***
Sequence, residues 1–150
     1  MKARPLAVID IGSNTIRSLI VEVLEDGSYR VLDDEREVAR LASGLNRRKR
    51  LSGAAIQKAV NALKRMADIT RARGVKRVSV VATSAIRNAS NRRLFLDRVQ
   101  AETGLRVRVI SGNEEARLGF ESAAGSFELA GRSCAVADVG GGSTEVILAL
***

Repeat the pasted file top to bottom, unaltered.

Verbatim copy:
Sequence, residues 1–150
     1  MKARPLAVID IGSNTIRSLI VEVLEDGSYR VLDDEREVAR LASGLNRRKR
    51  LSGAAIQKAV NALKRMADIT RARGVKRVSV VATSAIRNAS NRRLFLDRVQ
   101  AETGLRVRVI SGNEEARLGF ESAAGSFELA GRSCAVADVG GGSTEVILAL